Hoodia Trust

About 80 percent of Internet users in the United States have gone online to seek information about one of 17 health topics, according to the reputable Pew Internet Project, which reported today that only 25 percent check to see if the information is reliable and up to date.

It would be easy to blame consumers for not doing their homework, but according to Susannah Fox, who led the survey, the problem lies mostly with the Web sites themselves; only 2 percent of the most popular ones offer sources and dates for their information.

The other problem is that when you use a search engine, the responses you get are surrounded by ads for treatment centers and snake oil cures. Type in “obesity” and get Hoodia. Type in “Hoodia” and get 13.2 million hits.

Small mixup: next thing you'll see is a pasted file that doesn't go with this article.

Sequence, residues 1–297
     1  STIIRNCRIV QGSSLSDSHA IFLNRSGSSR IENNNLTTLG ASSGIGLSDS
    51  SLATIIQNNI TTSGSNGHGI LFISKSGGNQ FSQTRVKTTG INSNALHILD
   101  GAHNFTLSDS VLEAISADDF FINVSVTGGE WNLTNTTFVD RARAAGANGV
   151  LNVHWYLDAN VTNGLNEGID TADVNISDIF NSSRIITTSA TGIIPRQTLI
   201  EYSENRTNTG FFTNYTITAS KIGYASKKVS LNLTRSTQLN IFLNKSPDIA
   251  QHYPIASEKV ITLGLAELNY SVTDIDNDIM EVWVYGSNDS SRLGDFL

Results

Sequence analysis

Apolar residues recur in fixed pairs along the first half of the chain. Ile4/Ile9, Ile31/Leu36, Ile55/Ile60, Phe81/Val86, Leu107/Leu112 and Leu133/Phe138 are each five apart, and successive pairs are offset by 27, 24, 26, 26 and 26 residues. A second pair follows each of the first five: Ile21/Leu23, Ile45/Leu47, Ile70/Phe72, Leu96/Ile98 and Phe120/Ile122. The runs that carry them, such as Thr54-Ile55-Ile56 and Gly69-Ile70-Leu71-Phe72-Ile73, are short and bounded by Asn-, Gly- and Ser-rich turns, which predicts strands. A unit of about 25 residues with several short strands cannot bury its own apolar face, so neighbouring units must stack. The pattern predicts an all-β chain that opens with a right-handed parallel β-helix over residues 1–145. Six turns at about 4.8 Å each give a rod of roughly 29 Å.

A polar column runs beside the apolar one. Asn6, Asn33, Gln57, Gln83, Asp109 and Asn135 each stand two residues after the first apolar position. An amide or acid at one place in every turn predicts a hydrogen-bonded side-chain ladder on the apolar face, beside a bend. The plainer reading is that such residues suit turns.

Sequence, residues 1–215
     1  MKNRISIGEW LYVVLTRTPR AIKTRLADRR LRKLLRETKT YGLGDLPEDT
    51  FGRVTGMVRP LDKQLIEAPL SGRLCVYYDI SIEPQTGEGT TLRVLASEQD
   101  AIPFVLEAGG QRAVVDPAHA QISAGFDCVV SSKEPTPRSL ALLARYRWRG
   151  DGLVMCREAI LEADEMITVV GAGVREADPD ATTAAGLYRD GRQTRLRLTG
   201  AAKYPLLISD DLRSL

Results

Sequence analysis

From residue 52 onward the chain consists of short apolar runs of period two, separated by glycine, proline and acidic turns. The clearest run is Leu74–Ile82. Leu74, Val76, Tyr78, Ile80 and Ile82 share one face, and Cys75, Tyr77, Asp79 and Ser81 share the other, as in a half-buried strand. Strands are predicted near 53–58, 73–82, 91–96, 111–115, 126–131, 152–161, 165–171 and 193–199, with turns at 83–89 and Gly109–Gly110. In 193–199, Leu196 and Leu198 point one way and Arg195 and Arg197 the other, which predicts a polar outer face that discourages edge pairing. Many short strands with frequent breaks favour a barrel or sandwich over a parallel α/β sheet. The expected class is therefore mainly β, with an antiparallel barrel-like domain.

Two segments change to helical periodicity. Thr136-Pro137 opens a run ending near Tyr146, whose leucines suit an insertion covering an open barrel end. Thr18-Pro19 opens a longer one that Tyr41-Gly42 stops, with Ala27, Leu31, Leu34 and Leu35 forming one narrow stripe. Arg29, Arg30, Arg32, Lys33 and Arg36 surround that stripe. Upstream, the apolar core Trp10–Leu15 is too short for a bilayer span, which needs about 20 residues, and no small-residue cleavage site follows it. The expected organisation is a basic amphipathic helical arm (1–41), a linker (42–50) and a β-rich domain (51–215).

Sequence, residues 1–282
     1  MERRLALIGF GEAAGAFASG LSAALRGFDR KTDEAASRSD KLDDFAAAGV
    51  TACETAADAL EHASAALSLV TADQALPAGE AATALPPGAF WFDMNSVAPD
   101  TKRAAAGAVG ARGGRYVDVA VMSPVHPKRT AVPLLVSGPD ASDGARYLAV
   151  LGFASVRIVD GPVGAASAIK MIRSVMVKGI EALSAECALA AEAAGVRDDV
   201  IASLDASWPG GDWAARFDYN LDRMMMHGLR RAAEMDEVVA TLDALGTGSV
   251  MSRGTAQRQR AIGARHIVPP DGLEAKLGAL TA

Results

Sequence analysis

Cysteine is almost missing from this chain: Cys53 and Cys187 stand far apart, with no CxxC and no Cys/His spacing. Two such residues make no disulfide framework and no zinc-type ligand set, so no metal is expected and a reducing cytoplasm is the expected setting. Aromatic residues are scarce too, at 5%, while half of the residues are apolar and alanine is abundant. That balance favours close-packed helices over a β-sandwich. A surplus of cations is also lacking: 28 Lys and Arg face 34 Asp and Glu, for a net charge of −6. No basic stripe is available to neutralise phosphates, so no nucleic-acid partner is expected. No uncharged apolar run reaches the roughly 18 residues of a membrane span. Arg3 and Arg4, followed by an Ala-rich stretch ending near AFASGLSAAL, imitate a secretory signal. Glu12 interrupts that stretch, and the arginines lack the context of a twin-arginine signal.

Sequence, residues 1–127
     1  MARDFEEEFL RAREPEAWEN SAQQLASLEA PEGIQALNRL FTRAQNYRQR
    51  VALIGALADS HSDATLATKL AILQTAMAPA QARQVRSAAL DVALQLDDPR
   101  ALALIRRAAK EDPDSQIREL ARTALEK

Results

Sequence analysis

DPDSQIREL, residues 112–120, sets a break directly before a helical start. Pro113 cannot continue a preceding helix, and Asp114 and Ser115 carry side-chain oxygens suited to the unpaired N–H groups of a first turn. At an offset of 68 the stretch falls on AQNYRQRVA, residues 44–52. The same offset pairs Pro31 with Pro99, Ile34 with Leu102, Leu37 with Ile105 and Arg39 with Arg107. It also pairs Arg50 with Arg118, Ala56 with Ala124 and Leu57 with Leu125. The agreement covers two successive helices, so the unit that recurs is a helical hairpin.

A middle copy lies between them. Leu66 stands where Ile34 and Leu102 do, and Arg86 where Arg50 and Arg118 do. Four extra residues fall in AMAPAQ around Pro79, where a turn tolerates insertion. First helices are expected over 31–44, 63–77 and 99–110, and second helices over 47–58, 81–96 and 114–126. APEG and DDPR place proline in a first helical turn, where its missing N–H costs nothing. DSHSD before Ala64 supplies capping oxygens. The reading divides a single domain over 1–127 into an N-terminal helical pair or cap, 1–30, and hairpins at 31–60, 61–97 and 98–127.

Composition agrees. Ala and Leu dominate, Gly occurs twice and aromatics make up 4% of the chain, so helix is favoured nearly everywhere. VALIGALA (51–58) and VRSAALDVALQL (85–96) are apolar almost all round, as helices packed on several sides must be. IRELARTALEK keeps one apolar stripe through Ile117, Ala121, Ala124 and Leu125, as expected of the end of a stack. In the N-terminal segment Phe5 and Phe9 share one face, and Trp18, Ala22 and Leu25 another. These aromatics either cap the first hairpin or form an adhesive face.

Fortunately, says Fox, most people are not using the Web as a substitute for a doctor’s advice but to confirm their own decisions or to reassure themselves.

But let’s not let consumers off the hook totally until Internet sales of unregulated supplements return to Earth.


The material in this press release comes from the originating research organization. Content may be edited for style and length. Have a question? Let us know.

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